Customer Discovery Primer

with Steve Blank

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Starting Up

No plan survives first contact with customers.

Steve Blank

8x Entrepreneur, Author, Customer Development Expert

Lessons Learned

The first year in a startup is completely unpredictable.

Planning comes before the plan.

Start by searching for the business model.


Lesson: Customer Discovery Primer with Steve Blank

Step #2 Starting Up: No plan survives first contact with customers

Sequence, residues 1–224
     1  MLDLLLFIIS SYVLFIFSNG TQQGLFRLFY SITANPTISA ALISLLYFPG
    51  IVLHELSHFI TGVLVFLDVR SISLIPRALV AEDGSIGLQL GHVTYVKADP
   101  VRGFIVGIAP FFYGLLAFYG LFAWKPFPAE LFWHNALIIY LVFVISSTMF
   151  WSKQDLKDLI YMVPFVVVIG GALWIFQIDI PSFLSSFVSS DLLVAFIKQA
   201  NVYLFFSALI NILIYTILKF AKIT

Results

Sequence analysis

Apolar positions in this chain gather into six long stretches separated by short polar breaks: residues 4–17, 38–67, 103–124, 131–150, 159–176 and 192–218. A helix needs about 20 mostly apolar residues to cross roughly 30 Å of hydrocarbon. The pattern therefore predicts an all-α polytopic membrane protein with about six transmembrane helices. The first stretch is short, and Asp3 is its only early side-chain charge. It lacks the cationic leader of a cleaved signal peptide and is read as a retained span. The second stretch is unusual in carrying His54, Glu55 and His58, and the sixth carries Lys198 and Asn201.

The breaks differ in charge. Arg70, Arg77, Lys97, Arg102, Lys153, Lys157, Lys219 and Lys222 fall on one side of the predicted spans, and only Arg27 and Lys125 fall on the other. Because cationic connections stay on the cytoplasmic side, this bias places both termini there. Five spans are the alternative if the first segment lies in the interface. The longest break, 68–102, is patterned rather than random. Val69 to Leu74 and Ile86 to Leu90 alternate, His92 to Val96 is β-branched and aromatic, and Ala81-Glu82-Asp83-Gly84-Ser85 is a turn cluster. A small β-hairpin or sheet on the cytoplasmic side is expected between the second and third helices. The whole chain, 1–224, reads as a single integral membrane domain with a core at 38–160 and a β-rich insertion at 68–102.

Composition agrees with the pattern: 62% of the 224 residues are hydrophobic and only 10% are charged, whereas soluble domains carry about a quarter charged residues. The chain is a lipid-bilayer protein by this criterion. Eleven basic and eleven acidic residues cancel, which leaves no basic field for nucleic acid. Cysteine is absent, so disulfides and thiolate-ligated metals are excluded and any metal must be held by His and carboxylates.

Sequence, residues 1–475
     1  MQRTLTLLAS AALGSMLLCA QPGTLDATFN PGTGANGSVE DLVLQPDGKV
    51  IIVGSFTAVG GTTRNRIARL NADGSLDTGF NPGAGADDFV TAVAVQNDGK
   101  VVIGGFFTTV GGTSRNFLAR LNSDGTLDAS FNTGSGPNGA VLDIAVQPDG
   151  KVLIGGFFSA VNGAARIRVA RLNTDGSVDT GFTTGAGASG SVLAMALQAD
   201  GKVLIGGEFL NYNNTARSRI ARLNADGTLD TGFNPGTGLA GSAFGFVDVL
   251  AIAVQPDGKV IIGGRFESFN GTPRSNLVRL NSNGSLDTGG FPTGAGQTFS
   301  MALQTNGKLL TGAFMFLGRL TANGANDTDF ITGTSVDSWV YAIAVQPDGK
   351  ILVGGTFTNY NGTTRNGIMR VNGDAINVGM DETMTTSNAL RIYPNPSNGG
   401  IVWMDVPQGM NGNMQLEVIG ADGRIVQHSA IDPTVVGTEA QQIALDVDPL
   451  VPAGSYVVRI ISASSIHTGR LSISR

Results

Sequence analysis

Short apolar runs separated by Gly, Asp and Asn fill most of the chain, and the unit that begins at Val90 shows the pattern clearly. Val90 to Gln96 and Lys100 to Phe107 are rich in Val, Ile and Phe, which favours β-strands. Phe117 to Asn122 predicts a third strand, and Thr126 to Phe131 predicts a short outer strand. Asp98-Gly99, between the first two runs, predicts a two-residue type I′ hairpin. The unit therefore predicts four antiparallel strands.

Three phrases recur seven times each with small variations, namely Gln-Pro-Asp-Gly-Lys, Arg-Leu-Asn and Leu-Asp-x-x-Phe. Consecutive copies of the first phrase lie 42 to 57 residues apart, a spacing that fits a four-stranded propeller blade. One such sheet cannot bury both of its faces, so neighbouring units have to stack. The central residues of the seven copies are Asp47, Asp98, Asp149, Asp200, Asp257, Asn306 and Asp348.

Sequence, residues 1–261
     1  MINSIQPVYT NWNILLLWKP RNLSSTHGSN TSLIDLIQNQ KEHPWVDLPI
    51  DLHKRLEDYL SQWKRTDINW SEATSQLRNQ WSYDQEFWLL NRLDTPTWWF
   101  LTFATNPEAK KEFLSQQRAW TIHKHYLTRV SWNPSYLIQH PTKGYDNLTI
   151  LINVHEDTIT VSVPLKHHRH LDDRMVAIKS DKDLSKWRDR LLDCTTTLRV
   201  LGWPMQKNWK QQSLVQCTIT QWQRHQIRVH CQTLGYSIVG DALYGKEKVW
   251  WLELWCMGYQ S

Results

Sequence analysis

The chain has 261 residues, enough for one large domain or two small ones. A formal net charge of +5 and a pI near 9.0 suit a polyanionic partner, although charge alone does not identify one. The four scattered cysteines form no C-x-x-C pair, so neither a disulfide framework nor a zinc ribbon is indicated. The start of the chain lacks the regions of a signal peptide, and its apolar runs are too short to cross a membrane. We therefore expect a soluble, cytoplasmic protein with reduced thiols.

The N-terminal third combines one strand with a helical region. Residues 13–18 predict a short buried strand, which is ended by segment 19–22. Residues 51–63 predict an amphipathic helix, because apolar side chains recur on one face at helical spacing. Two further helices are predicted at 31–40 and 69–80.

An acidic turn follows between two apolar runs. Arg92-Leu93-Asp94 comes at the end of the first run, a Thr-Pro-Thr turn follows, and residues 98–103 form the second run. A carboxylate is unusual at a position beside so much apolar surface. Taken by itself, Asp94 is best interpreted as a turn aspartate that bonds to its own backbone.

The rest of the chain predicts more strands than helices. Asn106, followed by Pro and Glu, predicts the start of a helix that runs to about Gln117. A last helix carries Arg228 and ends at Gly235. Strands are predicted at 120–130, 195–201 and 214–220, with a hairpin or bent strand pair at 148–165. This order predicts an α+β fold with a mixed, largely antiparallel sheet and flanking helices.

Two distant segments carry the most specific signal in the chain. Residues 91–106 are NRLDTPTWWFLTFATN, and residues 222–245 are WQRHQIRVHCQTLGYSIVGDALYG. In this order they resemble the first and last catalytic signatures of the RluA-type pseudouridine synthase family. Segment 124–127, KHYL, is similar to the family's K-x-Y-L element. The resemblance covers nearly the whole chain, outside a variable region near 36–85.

What we used to believe for strategy is that you start any company with an operating plan and a financial model. What's an operating plan? Well, it's the business plan. And the belief was all I need to do is spend a lot of time writing this plan, and then all I need to do is execute it and somehow magical thinking said if I thought hard enough and if I was smart enough to do all the great market research in the library and looking up all the data and then put together a forecast the magic 5-year plan in the back of the business plan somehow magically all I needed to do is hire the people to execute that plan. If that doesn't sound silly to you now, don't worry because it didn't sound silly for 40 years, but we now know that's kind of ridiculous. What we now know is that no business plan survives first contact with customers. The first years on a startup is completely unpredictable. What you think you're doing on Monday turns out to be completely wrong on Tuesday, and on Wednesday, you discover something new, and on Friday, you're almost out of business, but on Monday you get sold for a billion dollars. A startup is an incredible roller coaster unpredictable series of events that there's no way you could put together in a 5-year plan. Yet somehow investors and educators thought that maybe we could just teach you how to put this all together in a nice spreadsheet. No one ever noticed that the only other people to do 5-year plans were these guys, the Soviet Union, and we kind of know how well that turned out as well. Though much like the fallacy about business plans and financial forecast that lasted for about 80 years. The good news is that we now know that business plans and financial forecast first are just as silly as it was in the Soviet Union. No business plan survives first contact with customers. This doesn't mean we shouldn't have any planning but it actually means what we need is planning before the plan and what that really means is you need to figure out how to actually do some planning and then you get to write the business plan. So I'll be clear, I'm not suggesting we never want to do an operating plan and I'm not suggesting we never want forecast but you need some real facts before you could do that and one of the ways we're going to organize our facts is with Alexander Oscar Walters' Business Model Canvas. We'll talk about this canvas in some excruciating detail in the following lectures but you should know we used to canvas for two things. One is initially we're going to use it organize our thinking about all the hypothesis about every part of our business. But second is we're going to get out of the building and actually turn those hypothesis into facts as we'll find out how to do later and then as we turn those hypothesis into facts, we'll be updating the canvas on a regular basis and it will become a scorecard-- a way to keep score for our progress of how much we've learned. So what this means is instead of writing the operating plan and financial forecast first, we're going to use the Business Model Canvas to actually capture all our hypotheses first. For the search for the business model, we're going to start with the model first and then after we find the model, we get to write it up.

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